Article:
What Are Dark Kitchens?
There is a new phenomenon of takeaway supposedly revolutionising the industry. The rise of these so-called ‘dark kitchens’ is thought to easily satisfy public demand for urgent food delivery without crippling existing businesses by giving them yet another target.
We’ll look at exactly what is meant by the term ‘dark kitchen’ and what it really means for food businesses and the public.
What is a Dark Kitchen?
Dark kitchens, also known as ghost and cloud kitchens, refers to food that is prepared at separate takeaway premises rather than a restaurant. Compared to a usual takeaway format, however, orders are placed online, without the option for the public to enter the premises.
The workspaces are usually windowless which, coupled with the fact that consumers often aren’t aware that their food has been made here, has given rise to the name ‘dark kitchens’. As more food businesses choose to operate out of dark kitchens, they must be held to the same level of standards as restaurants. Otherwise, their staff’s wellbeing and food safety and quality are continuously at risk.
What Has Caused the Rise of Dark Kitchens?
Apps are now responsible for 39% of delivery visits – a total increase of 14% year-on-year. Deliveroo is at the forefront of the dark kitchens boom with its ‘Editions’ premises, launched in 2017. The company finds and equips these locations with industrial equipment and rents them out to restaurants. The restaurant owners are then responsible for employing and training kitchen staff.
These commercial workspaces are often in prefabricated structures, such as shipping containers, on industrial estates in the outskirts of towns. They provide a space for established and new eateries to fulfil online orders without the requirement of an expensive high street kitchen, explaining why they are also dubbed ‘virtual restaurants.’ As well as these benefits, Deliveroo claims that the sites bring food and businesses to locations and consumers that they would otherwise not be able to reach.
However, there is a certain unease where regulations and working practices are concerned. Many operators of dark kitchens avoid the complex requirements that restaurants and takeaways are subjected to. Three of the sixteen sites have been served with enforcement notices that they are currently appealing against. Meanwhile, a site in Camberwell was forced to close after being served a notice. There are fears that food hygiene and allergen control standards are not as high in dark kitchens, although these premises are equally subjected to Food Standards Agency inspections.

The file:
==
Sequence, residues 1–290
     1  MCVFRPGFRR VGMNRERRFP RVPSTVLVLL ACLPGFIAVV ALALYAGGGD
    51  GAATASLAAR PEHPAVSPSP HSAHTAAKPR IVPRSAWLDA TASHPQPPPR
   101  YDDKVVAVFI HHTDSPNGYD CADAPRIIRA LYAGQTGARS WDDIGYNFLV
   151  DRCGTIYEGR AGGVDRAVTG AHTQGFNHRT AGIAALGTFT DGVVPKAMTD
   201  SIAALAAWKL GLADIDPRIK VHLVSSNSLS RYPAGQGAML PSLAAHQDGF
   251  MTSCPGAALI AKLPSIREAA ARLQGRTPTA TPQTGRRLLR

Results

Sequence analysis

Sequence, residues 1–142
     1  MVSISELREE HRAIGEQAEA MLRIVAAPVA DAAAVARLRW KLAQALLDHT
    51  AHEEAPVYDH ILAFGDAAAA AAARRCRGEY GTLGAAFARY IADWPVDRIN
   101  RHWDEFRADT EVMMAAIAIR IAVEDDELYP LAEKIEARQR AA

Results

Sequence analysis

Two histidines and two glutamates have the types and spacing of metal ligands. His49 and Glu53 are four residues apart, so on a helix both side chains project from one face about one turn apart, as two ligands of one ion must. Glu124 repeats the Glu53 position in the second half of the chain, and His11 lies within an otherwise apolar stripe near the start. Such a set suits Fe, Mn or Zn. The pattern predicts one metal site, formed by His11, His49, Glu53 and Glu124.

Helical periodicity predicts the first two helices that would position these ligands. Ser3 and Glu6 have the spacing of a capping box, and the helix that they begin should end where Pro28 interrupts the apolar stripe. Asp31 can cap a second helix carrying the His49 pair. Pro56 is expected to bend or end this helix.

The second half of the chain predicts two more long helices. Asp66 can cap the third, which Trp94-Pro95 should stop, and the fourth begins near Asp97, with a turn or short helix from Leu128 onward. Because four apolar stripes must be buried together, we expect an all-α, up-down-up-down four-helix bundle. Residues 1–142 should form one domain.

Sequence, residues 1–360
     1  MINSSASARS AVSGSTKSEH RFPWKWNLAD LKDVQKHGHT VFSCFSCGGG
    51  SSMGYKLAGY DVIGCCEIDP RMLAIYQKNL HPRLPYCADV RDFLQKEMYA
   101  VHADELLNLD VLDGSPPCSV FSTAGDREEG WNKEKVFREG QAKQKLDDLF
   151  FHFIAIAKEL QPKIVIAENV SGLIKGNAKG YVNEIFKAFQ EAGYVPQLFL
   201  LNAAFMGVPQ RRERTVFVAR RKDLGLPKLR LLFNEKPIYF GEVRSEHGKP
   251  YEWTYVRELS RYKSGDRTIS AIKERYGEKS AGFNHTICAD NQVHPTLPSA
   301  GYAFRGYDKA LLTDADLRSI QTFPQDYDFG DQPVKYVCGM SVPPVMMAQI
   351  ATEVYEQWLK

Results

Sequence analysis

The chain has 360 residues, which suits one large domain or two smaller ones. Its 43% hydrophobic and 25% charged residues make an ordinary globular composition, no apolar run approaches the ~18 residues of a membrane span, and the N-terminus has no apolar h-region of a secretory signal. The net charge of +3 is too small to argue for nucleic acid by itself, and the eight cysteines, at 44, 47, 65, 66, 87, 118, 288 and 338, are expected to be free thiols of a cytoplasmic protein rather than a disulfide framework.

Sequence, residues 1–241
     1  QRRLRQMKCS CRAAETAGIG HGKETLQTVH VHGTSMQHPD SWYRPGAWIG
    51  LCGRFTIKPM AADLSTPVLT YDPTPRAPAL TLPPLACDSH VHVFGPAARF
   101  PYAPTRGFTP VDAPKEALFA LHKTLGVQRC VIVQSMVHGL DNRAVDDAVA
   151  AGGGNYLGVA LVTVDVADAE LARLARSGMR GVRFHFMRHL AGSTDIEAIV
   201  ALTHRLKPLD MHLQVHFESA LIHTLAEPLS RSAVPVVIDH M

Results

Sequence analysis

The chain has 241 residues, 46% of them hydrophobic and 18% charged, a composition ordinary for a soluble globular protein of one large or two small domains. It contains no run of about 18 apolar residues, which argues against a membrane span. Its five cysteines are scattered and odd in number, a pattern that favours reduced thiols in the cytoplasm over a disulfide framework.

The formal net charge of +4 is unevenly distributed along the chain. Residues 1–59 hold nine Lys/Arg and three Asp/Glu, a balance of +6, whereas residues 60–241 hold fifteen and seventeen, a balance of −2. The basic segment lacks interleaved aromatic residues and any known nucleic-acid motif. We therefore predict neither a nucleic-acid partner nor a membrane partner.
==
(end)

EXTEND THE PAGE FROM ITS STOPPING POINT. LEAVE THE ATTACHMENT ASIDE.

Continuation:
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How is this Affecting Employees?
Concerns have also been raised over the treatment of staff. Many workers have less human interaction than their counterparts in busy restaurants and tend to work in cramped conditions.
Whilst hot and humid kitchens are nothing new in the restaurant industry, the lone working element to some dark kitchen operations can increase stress and discomfort amongst employees. This extends from those working in the kitchens to the self-employed riders who deliver the food. Many dark kitchen businesses implement algorithm-driven optimisation which lowers overheads to increase output. Lone workers face specific health and safety and welfare challenges that differ from those in a busy restaurant environment, where chefs are able to interact with front-of-house staff and customers. It’s important that managements acknowledge and effectively address these risks.
As the likes of Deliveroo and Uber Eats take advantage of the growing consumer shift towards the consumption of prepared meals at home, they must be held to the same food hygiene and safety standards as restaurants and takeaways. The welfare of workers must also be carefully considered. As more dark kitchens enter the marketplace, public awareness will catch up. It is therefore crucial that these businesses balance costs with compliance to withstand the increasing scrutiny of their operations.
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